Compare internet providers in your area to get the best deal for your business.

Because of COVID-19 (the coronavirus), more small-business owners are working from home than ever before. In response to the outbreak, internet providers are offering to help out.

All internet companies nationwide are pledging to waive any late fees or data overages for the next 60 days. In addition, certain companies are offering special deals and upgrades to new and existing customers.

Comcast Xfinity’s Internet Essentials program offers two free months of service to new customers and unlimited data use for 60 days to all subscribers. Additionally, the provider is allowing anybody to use Xfinity hotspots for free and is automatically increasing internet speeds for all essentials customers.

Cox is offering the first month of its low-income internet program, Connect 2 Compete, for free until May 12, 2020. The provider is also giving free phone and remote desktop support.

Get started finding the right service for your business by entering your zip code below. We’ll show you business internet providers in your area, along with the estimated speed each service offers in your region. From there, click “View Plans” to see pricing and package information. Easy peasy.

How to choose the best business internet plan in your area

Once you have an idea of which internet options are available in your zip code, the challenge is comparing offers to find the right fit for your business. The cheap internet is all well and good, but the budget option isn’t right for everyone.

Here are some of our top choices for business internet:

Best business internet service providers of 2019

  • Verizon: Best overall business ISP
  • AT&T: Best customer service
  • Spectrum: Best contract-free business ISP
  • Viasat: Best rural business ISP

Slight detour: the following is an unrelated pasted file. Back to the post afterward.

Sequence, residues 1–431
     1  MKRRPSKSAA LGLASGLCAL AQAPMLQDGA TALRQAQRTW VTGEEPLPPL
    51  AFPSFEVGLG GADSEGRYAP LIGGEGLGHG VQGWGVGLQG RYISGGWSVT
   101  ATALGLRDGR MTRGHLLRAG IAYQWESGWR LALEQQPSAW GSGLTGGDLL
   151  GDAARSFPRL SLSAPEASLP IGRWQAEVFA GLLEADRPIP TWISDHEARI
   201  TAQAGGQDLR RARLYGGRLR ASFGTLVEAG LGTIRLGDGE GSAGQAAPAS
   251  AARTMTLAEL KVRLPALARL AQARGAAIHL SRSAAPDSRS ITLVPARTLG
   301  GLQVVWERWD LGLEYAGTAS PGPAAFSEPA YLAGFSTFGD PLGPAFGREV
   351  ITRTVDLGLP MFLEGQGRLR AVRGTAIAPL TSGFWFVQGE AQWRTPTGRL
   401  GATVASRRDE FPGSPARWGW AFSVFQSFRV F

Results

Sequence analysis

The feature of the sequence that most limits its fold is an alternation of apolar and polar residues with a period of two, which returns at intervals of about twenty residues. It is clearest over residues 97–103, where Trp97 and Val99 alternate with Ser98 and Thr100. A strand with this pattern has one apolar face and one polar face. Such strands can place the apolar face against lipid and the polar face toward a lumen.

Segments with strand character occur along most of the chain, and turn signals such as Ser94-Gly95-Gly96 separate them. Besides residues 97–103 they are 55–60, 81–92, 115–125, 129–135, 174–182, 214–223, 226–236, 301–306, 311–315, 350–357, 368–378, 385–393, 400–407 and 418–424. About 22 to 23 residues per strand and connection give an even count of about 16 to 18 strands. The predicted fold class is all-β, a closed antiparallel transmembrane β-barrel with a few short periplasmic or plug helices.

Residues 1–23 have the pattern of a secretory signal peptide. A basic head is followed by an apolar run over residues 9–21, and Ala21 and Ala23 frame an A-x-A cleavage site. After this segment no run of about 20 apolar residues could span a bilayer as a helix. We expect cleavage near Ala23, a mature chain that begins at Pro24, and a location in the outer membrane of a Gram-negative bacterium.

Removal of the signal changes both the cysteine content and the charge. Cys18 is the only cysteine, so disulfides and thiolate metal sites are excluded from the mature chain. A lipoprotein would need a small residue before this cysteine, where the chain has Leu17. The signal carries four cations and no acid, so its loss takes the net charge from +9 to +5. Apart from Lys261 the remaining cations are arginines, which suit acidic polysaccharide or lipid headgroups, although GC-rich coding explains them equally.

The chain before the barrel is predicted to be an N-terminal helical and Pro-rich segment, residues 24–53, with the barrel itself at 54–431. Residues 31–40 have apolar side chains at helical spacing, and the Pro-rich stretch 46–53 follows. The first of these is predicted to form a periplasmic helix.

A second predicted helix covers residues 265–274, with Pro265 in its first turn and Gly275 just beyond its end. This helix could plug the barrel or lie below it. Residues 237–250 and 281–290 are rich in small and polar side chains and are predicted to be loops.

• Frontier: Best bundles for small business

Not sure which one is right for you? Here’s what you should consider when deciding between high-speed business internet providers.


Sure, we can talk all day about the pros and cons of Time Warner versus AT&T U-verse high-speed internet. But it doesn’t do you a lot of good if neither option is available where you do business.

Internet Service Providers (ISPs) are limited by the infrastructure in your area. Antitrust laws prevent ISPs from owning a monopoly on internet lines in any area, so the internet plans in your neighborhood can be completely different from the plans available in the next town over.

Businesses in rural areas may be especially affected by availability. Developers, government entities, and even ISPs are hesitant to install lines in remote areas due to cost. In that case, your business may have to use a satellite internet provider.

Long story short, a lot of factors can influence the business internet options in your area. So before you get too invested in any one provider, be sure to visit their website and enter your service address to get exact details on what’s available at your location.


Everyone wants the fastest internet options available. After all, faster speeds mean faster work, and that means more efficiency, which means more profit.